In the sequel to The Gospel of Loki, Loki’s adventures continue when he finds a way out of the end of the world and plans to restart the power of the Norse gods.
The end of the world — also known as Ragnarok to the Norse gods — has occurred, and Loki has been trapped in a seemingly endless purgatory, in torture, until he finds a way to escape. It seems that he still exists in the minds of humanity and uses that as a way to our time.
Back in the ninth world (Earth), Loki finds himself sharing the mind of a teenage girl named Jumps, who is a bit of a mess. She’s also not happy about Loki sneaking his way into her mind, since she was originally calling on Thor. Worse, her friends have also been co-opted by the gods: Odin, Jump’s one-eyed best friend in a wheelchair, and Freya, the pretty one. Thor escapes the netherworld as well and shares the mind of a dog, and he finds that it suits him.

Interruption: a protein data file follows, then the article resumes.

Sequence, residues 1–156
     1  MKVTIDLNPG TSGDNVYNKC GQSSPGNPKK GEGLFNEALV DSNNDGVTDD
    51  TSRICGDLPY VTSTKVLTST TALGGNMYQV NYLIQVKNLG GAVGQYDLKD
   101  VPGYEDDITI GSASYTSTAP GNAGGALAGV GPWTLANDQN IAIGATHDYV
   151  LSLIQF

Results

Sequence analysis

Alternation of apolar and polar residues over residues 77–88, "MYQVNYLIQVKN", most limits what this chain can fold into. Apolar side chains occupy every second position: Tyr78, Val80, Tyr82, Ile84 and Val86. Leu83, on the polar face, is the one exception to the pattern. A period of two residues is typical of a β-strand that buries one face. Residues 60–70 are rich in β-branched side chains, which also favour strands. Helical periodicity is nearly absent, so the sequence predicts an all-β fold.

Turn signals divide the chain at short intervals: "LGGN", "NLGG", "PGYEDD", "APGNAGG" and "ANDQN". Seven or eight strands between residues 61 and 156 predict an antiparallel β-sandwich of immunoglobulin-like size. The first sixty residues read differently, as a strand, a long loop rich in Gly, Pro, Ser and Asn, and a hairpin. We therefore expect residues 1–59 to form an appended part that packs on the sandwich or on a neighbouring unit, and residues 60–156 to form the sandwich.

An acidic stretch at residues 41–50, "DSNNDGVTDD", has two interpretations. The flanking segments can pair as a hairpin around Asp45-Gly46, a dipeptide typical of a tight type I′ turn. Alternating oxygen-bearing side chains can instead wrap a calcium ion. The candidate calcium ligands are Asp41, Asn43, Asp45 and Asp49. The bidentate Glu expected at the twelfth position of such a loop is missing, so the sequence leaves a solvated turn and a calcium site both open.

Odin has a plan to bring back the Norse gods ascendancy, but Loki has his own ideas on how things can go — and nothing goes according to plan.